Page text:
The casualties of this one-sided battle against peaceful protesters on a bridge were enormous, with some 300 of the estimated 400 protesting water protectors, both native people and non-native supporters, injured, 26 of them seriously. There was evidence that police were aiming rubber bullets at protesters’ heads and groins to inflict maximum pain and damage, with eight of the injured hospitalised, including a 13-year-old girl shot in the face, whose eye was reportedly damaged.

            The gravest injuries were a tribal elder who suffered a cardiac arrest, and Sophia Wolansky, a 21-year-old New York City resident. She was hit in the arm by a flash-bang grenade thrown at her by a Morton County Sheriff’s deputy, which blew up on impact, blowing away the flesh and muscle and some of the nerves the length of her forearm and some bone of the elbow joint. She has been evacuated to a hospital in Minneapolis where physicians and nurses are fighting to save her arm and hand from an amputation.

            The latest attack, which has been rightly condemned by UN human rights observers as an atrocity, harks back to the simultaneous country-wide crushing of the Occupy movement occupations in cities across the US during early November, 2011, when local police aided in some cases by armed federal parks police, assaulted occupiers with maximum violence, almost always at night, barring the media from witnessing their deliberate and coordinated over-the-top violence.

            In that case, an aggressive campaign of legal discovery by the Partnership for Civil Justice using the Freedom of Information Act resulted in the unearthing of documents from both the Department of Homeland Security and the FBI proving there had been a concerted campaign by those federal agencies to coordinate the crushing of the Occupy Movement.

            It would appear that the repressive lessons learned by police agencies in 2011 are now being used as a kind of repression handbook by Morton County Sheriff Kyle Kirchmeier and his deputies against the protesting Sioux water protectors and their Anglo supporters.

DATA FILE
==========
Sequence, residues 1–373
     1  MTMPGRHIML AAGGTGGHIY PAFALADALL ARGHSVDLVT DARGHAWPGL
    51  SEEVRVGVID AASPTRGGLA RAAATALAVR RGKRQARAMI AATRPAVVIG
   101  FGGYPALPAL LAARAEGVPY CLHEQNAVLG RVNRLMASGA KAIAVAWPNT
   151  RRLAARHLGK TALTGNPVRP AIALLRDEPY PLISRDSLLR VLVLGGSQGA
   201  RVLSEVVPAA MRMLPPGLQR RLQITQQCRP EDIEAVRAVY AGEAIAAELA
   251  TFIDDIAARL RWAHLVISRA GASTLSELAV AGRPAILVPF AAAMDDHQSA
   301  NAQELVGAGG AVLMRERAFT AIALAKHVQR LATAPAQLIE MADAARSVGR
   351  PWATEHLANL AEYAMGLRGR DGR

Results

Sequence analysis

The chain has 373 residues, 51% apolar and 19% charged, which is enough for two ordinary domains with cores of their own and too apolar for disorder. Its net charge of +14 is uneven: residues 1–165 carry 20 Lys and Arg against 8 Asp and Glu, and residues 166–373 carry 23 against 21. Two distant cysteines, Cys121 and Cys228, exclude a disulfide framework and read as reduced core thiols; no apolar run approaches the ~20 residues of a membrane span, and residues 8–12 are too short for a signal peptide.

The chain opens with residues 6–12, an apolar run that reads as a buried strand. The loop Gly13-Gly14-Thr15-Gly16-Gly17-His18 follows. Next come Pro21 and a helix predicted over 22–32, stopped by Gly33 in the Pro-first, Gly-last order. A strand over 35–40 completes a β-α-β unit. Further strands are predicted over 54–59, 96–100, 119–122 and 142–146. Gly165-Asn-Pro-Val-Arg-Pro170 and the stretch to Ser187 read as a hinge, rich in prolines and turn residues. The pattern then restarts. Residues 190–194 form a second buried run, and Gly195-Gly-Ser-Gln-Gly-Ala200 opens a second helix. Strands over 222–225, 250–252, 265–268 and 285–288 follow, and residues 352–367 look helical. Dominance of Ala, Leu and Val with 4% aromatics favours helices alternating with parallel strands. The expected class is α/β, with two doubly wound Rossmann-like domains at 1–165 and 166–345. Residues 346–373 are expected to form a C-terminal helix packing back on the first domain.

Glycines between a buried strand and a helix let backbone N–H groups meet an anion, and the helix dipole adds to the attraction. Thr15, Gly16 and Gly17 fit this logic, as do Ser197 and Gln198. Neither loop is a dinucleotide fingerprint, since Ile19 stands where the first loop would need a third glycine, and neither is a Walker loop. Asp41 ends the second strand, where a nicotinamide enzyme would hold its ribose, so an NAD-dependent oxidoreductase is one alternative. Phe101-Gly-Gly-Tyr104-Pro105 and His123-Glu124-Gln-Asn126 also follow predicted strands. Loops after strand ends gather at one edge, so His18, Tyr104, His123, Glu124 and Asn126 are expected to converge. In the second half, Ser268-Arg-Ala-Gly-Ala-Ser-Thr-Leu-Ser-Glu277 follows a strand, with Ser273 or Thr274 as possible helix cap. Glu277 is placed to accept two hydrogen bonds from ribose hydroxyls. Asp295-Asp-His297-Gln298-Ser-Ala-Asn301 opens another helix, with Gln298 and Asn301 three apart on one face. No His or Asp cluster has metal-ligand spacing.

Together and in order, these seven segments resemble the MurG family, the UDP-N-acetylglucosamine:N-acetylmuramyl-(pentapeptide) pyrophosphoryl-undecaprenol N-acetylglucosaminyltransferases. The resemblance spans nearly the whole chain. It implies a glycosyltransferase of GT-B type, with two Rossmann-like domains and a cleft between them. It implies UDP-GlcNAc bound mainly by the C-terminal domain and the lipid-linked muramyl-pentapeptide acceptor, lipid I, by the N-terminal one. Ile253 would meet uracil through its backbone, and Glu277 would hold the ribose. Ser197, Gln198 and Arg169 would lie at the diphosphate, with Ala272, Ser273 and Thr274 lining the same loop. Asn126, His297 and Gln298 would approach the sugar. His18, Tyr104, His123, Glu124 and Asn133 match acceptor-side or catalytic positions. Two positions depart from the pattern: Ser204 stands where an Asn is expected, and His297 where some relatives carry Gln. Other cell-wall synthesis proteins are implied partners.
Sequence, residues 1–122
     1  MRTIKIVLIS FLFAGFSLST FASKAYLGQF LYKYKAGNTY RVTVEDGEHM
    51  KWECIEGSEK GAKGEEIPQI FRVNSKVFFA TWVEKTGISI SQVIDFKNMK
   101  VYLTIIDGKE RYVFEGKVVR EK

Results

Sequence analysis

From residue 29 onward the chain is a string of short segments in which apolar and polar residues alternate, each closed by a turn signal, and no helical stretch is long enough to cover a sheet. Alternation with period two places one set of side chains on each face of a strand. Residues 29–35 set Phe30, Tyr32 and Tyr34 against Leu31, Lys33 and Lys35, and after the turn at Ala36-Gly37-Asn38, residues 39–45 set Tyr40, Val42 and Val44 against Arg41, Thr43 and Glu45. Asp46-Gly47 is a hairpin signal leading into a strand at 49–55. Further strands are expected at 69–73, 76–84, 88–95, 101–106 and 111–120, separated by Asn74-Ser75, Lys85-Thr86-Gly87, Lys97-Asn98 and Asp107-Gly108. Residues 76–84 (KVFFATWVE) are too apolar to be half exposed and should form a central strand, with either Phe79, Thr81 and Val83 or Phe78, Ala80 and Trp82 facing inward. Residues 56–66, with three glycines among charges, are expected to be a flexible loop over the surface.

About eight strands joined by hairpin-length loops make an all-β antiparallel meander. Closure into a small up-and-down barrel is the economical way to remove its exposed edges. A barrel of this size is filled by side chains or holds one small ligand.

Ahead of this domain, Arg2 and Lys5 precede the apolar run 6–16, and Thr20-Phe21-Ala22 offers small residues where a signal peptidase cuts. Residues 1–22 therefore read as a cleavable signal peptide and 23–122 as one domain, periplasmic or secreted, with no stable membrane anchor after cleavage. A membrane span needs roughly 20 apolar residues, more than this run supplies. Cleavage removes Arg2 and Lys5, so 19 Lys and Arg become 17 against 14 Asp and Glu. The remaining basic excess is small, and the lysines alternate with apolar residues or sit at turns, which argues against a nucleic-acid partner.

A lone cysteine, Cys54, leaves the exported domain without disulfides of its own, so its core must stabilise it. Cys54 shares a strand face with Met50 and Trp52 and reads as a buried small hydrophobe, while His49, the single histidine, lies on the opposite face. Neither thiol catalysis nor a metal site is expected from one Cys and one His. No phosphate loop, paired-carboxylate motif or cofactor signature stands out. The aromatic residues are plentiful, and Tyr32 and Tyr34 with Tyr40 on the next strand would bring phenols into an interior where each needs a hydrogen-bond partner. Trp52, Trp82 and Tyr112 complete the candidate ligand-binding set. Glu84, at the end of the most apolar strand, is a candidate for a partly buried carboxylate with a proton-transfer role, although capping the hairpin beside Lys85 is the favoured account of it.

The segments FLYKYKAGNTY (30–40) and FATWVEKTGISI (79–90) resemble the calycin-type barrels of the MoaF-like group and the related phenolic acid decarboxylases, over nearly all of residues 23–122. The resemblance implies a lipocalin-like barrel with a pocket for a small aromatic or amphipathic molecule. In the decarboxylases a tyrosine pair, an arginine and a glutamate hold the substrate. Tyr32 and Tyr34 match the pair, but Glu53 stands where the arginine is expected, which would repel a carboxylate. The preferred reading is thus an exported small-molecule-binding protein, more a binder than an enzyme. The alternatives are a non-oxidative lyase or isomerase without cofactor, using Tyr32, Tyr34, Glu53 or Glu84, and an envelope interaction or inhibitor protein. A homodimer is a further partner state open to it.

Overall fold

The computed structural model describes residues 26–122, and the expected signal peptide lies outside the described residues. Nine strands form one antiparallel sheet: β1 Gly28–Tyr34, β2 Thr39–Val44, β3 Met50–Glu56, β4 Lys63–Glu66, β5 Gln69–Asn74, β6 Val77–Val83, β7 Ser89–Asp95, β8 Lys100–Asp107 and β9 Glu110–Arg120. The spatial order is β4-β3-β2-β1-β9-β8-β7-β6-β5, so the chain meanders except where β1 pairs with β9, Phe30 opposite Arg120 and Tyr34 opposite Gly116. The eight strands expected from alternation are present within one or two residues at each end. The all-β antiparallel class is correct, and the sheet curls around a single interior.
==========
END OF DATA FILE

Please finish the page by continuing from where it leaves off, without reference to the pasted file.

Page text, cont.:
There is no indication that such vicious repression is working though. Even as the brutal assault on Nov. 20-21 sent dozens of people to area hospitals, more brave people continued to pour into Standing Rock to support the struggle of the Standing Rock Sioux and the many representatives of some 300 US tribes around the country, and the representatives of indigenous peoples from around the world fighting this battle.

            The decision to run the so-called Dakota Access Pipeline through Sioux sacred lands, some of it formerly awarded to the Standing Rock Sioux Tribe by US treaty, but later stolen from them, stands in stark contrast to an earlier decision to reroute it from a planned Missouri River crossing point near the North Dakota’s capital city of Bismarck. There, protests by the local (white, middle-class) public forced a rethink by the companies behind the pipeline, and the US Army Corps of Engineers. They decided to alter the planned route to run it through Indian territory instead.

            The Standing Rock Tribal Council called on President Obama to put a halt to this dangerous and obscene project, suggesting that as president he has the power to declare the crossing location a National Historic Site, thus protecting it from such defilement. The president, of course, could also look at the local Sheriff’s repressive and violent tactics against an Indian people, and simply federalise local National Guard troops, ordering them to force local police to stand down instead of following the Republican governor’s orders to participate in the repression as they are now doing under his trumped-up “state emergency” declaration.

            That the president hasn’t already acted to stop the attacks on peaceful protesters speaks volumes about Obama’s lack of courage and of principle and of his hypocrisy. In 2014, President Obama visited the Standing Rock Sioux, and acknowledged their centuries of abuse by the US government. Now, however, that abuse has occurred on this president’s watch, and incredibly, despite the extent of the violence, he has done nothing to stop it.

            The militarised response to peaceful protest at Standing Rock should stand as a warning to all who would protest America’s slide into totalitarianism. What the government will do to Native Americans and their Anglo supporters today is what we can probably expect them to do to any of us who protest in this new Trumpian America.